8. 8. Benchmarks, 2009 Comparison -- Expenditures per Capita to Holdings and Circulation per Capita, FY 2009 14.00 12.00 10.00 8.00 6.00 $5.93 $4.98 4.00 $4.88 $3.48 $3.39 2.00 $1.86 $1.66 0.00 Arlington Denton Irving Garland Plano Fort Worth Dallas Holdings per Capita FY 2009 Circulation per Capita FY 2009 Expenditures per Capita FY 2009It is notable that in the DFW Metroplex group, Plano has the highest expenditures per capita, second highest MaterialExpenditures per Capita, highest Circulation per Capita, highest Visitors per Capita, and highest Web Visitors per Capita. Holdings Sq Ft per Total Exp. per Material Exp. Circ per Visitors per Web Visitors Library Name per Capita Capita per Capita Capita Capita per Capita Capita Arlington 0.34 $17.90 $1.86 5.68 1.67 4.27 3.15 Dallas 0.78 $21.53 $1.66 6.80 3.45 4.32 1.15 Denton 0.84 $42.37 $5.93 12.38 2.13 4.80 1.89 Fort Worth 0.43 $23.55 $3.39 5.82 1.51 2.90 1.96 Garland 0.54 $22.69 $4.88 8.39 1.67 4.06 NA Irving 0.65 $34.60 $3.48 7.41 3.24 5.23 6.79 Plano 0.68 $42.73 $4.98 12.54 3.01 6.35 9.58 Comparison -- Expenditures per Capita to Holdings and Circulation per Capita, FY 2009 14.00 12.00 10.00 8.00 6.00 $5.10 $4.98 $4.34 4.00 $4.13 $2.54 $2.30 $2.72 $2.27 $4.70 $2.41 $2.72 $2.37 2.00 $1.86 0.00 Holdings per Capita FY 2009 Circulation per CapitaFY 2009 Collection Expenditures per Capita FY 2009 36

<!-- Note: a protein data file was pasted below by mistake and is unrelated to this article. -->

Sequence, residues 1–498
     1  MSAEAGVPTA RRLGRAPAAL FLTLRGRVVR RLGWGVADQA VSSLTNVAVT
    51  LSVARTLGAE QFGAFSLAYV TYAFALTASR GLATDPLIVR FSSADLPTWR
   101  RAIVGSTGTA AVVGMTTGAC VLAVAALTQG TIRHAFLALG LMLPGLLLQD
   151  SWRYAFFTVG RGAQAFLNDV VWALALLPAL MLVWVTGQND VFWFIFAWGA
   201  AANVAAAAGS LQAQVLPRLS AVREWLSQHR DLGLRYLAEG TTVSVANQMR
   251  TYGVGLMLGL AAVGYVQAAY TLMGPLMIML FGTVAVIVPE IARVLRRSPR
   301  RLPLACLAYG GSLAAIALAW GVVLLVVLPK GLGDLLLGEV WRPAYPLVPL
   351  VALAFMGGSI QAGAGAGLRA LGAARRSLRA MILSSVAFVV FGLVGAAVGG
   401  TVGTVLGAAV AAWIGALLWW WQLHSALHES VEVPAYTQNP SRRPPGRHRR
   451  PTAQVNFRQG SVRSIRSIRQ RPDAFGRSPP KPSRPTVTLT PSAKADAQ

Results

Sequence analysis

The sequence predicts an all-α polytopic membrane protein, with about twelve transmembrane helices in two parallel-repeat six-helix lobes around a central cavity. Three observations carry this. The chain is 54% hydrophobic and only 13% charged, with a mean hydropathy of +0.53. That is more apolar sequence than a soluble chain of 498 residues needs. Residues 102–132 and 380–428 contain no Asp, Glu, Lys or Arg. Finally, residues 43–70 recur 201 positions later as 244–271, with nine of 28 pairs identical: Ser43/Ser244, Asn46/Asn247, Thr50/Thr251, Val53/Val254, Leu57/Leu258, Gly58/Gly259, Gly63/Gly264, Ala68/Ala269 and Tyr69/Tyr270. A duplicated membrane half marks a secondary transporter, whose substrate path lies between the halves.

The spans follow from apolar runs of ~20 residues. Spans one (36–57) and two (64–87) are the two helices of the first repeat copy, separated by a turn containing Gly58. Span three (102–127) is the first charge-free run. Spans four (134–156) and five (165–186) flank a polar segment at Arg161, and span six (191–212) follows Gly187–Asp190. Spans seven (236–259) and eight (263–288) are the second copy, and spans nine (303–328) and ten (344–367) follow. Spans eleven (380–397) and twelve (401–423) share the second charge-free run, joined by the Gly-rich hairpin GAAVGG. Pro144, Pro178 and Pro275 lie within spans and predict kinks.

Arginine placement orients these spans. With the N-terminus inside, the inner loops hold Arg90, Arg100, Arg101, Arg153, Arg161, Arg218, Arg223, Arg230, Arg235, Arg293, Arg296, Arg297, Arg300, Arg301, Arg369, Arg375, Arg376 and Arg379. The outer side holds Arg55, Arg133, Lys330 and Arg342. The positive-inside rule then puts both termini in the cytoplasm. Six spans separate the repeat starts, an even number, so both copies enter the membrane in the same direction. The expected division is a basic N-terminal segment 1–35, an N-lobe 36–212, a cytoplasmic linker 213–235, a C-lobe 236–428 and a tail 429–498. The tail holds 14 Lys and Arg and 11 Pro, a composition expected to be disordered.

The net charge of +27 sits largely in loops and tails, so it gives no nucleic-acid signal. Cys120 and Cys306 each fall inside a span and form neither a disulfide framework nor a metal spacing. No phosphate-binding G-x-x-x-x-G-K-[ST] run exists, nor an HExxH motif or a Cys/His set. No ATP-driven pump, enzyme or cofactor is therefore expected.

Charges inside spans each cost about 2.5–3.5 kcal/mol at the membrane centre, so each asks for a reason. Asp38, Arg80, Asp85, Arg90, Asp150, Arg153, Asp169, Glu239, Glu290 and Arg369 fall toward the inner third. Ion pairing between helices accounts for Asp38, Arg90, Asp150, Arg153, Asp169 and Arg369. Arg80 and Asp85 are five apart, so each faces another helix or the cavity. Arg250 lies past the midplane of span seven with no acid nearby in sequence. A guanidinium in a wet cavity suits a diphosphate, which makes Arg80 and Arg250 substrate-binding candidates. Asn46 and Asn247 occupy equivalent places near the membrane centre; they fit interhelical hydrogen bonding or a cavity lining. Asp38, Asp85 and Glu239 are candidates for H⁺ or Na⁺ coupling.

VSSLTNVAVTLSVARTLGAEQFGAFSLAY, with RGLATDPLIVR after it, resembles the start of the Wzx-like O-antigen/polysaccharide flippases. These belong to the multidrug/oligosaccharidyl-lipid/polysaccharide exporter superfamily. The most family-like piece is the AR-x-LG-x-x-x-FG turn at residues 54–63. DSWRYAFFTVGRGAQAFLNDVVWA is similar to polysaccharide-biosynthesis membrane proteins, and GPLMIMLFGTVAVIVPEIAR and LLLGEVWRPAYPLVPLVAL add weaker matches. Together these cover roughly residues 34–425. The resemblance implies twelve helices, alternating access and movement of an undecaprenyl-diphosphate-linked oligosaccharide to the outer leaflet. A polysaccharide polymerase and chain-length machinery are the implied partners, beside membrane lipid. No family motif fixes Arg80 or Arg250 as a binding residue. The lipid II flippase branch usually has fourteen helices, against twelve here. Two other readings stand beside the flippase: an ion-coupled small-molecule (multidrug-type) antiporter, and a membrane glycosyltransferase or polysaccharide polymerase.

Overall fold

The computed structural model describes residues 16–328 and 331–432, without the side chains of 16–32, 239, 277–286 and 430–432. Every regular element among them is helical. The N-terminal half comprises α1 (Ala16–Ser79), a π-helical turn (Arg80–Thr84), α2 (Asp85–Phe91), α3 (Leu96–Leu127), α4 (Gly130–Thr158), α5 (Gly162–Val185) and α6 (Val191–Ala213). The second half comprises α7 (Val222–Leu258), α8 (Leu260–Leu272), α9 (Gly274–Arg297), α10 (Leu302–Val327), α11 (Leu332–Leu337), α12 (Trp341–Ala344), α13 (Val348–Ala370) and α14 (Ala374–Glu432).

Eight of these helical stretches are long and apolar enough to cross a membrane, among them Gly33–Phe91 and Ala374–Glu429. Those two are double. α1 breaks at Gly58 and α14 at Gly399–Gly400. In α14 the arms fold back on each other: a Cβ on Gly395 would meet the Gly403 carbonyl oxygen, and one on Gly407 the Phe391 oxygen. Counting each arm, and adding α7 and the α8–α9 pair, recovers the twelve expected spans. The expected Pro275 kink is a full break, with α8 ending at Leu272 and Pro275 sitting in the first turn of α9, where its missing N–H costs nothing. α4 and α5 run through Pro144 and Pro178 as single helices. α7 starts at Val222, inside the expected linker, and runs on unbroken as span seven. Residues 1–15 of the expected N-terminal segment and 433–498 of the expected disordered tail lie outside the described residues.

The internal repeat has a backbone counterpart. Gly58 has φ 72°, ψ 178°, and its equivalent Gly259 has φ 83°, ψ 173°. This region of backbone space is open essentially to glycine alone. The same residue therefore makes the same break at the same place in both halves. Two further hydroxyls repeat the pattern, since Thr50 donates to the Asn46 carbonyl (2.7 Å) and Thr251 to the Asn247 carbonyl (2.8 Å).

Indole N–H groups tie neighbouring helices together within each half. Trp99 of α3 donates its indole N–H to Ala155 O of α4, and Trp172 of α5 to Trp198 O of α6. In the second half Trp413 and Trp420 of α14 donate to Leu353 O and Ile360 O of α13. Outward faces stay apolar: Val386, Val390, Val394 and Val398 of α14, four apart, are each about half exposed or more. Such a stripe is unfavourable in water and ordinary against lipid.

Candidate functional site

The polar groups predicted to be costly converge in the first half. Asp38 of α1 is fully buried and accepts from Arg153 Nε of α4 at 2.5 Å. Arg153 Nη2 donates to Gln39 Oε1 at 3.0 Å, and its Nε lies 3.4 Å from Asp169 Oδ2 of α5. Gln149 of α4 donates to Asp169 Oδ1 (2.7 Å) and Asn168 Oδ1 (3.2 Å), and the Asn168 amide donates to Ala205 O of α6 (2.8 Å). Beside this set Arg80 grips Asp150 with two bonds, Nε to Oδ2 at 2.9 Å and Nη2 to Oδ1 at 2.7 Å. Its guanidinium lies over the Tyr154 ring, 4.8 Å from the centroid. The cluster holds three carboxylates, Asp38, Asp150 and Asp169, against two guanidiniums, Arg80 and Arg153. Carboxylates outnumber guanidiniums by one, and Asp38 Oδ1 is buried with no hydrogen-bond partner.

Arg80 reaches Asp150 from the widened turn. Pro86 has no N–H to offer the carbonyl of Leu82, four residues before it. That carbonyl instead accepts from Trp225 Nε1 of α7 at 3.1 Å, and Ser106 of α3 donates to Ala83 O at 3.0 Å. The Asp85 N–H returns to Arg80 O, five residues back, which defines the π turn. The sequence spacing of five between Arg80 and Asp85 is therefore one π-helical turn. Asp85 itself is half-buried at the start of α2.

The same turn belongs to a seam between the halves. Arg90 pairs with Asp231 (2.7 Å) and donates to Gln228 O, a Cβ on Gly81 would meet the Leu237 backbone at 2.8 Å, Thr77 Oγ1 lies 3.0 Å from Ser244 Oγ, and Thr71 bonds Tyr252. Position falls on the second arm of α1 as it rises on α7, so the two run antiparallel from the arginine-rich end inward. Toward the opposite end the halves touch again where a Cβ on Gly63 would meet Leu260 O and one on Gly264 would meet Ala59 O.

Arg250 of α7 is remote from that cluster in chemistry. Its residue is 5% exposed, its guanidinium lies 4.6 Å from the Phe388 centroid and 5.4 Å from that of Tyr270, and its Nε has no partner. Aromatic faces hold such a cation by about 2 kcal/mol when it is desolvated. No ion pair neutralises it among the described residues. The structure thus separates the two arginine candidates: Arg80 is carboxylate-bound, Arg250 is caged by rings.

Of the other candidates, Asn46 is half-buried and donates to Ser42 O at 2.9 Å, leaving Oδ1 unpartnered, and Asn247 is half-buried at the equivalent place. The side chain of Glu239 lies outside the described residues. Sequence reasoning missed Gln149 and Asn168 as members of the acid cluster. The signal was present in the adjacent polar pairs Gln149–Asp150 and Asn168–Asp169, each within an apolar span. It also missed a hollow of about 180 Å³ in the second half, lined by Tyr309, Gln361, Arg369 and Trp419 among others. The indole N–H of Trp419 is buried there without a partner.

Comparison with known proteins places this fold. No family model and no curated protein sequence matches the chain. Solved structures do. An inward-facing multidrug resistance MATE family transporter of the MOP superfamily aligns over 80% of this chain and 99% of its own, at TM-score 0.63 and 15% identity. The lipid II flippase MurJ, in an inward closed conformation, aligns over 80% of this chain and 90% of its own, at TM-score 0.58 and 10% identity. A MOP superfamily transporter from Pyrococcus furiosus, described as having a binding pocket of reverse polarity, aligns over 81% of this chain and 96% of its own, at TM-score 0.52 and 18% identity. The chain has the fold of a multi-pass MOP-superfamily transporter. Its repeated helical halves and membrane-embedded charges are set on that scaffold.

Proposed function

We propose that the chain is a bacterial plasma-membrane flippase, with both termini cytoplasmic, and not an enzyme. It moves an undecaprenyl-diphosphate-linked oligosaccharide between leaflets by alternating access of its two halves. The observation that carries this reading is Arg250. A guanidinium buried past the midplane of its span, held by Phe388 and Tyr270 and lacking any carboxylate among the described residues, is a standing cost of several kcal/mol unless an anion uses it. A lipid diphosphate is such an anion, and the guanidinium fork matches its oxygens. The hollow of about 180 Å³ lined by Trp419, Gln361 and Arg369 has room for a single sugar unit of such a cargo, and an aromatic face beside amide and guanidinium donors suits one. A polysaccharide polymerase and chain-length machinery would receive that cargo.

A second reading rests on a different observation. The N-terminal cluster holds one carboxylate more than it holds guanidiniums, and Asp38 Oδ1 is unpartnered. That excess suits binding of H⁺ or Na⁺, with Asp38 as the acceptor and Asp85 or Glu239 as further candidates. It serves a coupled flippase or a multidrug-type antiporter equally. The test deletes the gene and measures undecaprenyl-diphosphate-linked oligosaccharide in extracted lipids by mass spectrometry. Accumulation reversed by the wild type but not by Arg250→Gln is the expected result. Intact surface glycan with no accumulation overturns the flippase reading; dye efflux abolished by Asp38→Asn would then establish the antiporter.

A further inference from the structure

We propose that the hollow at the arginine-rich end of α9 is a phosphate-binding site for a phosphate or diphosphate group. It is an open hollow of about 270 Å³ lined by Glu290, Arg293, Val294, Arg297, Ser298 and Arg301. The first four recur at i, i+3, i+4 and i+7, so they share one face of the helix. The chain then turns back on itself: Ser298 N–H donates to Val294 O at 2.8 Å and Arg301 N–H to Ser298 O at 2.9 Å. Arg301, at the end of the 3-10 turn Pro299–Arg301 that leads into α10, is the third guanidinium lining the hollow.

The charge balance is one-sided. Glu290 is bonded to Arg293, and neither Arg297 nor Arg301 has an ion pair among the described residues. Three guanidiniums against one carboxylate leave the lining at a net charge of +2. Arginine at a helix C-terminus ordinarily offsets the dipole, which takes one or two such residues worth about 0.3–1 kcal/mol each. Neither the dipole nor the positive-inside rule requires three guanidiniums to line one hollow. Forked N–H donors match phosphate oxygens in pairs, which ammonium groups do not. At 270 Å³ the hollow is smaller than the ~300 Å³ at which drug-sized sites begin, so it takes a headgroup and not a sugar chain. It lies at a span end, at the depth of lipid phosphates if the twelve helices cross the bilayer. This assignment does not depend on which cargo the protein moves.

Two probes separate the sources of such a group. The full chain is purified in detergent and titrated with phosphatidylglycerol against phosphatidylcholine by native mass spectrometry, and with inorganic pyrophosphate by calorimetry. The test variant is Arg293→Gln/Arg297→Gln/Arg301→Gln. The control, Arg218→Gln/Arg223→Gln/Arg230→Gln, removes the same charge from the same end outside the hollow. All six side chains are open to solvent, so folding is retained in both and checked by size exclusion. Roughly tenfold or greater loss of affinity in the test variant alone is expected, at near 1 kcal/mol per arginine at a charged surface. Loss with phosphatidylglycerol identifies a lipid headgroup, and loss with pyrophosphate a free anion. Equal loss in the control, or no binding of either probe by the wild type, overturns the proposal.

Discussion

9. 9. Benchmarks, 2009 Library Sq Ft per Total Expenditures Material Exp Circ per Holdings per Visitors per Web Visitors Name Capita per Capita per Capita Capita Capita Capita per CapitaArlington TX 0.34 $17.90 $1.86 5.68 1.67 4.27 3.15Aurora CO 0.43 $19.43 $2.54 8.60 1.42 4.10 4.68Corpus Christi NATX 0.38 $15.20 $2.30 4.68 1.56 2.97Glendale AZ 0.46 $35.17 $2.72 11.84 2.19 5.94 3.94Greensboro 2.13NC 0.44 $21.59 $2.27 4.20 1.52 7.42Lexington KY 0.74 $44.42 $5.10 9.86 2.21 6.69 5.25Lincoln NE 0.68 $29.36 $4.70 12.01 3.21 5.92 5.64Mesa AZ 0.36 $17.06 $2.41 4.69 1.34 2.82 2.02Mobile AL 0.49 $27.13 $4.13 5.91 1.95 4.09 3.15Omaha NE 0.60 $19.18 $2.72 6.23 1.93 4.46 1.00Plano TX 0.68 $42.73 $4.98 12.54 3.01 6.35 9.58Virginia Beach 3.04VA 0.69 $47.15 $4.34 7.70 2.10 4.45Wichita KS 0.41 $21.87 $2.37 6.02 2.55 3.61 1.80In further analysis of the national comparison group consider this examination of how many times a library appeared in thetop 3 in Resource allocation measures (Expenditures, Materials Expenditures, Holdings, Square Footage and Staffing) inrelation to the number of times a library also appeared in the top 3 in Usage measures (Circulation, Visitors and BorrowerRegistration). In addition the findings were also calculated for the number of times a library appeared in the bottom threein all categories. The results are below: Resource Allocation measures Expenditures Materials Expenditures Staffing Square Footage Library Materials Collection 1. Virginia Beach 1. Lexington 1. Lexington 1. Lexington 1. Lincoln 2. Lexington 2. Plano 2. Plano 2. Virginia Beach 2. Plano 3. Plano 3. Lincoln 3. Virginia Beach 3. Plano 3. Wichita 11. Arlington 11. Corpus Christi 11. Arlington 11. Corpus Christi 11. Greensboro 12. Mesa 12. Greensboro 12. Corpus Christi 12. Mesa 12. Aurora 13. Corpus Christi 13. Arlington 13. Mesa 13. Arlington 13. Mesa Library Usage measures Circulation Visitors Borrower Registration 1. Plano 1. Greensboro 1. Lexington 2. Lincoln 2. Lexington 2. Plano 3. Glendale 3. Plano 3. Lincoln 11. Mesa 11. Wichita 11. Omaha 12. Corpus Christi 12. Corpus Christi 12. Wichita 13. Greensboro 13. Mesa 13. ArlingtonWhile it is beyond the scope of this report to prove a causal relationship or even a correlation between resource allocationto libraries and library usage, the result of the above analysis may point toward that conclusion. Plano TX, Lexington KY, andLincoln NE seem to allocate the most resources to libraries out of this group. In addition, they also show the heaviest usageof libraries. Conversely, Corpus Christi TX, Greensboro NC, Mesa AZ and Arlington TX seem to allocate the least resourcestoward libraries and these are also the libraries that rank toward the bottom on at least one indicator of library usage. 37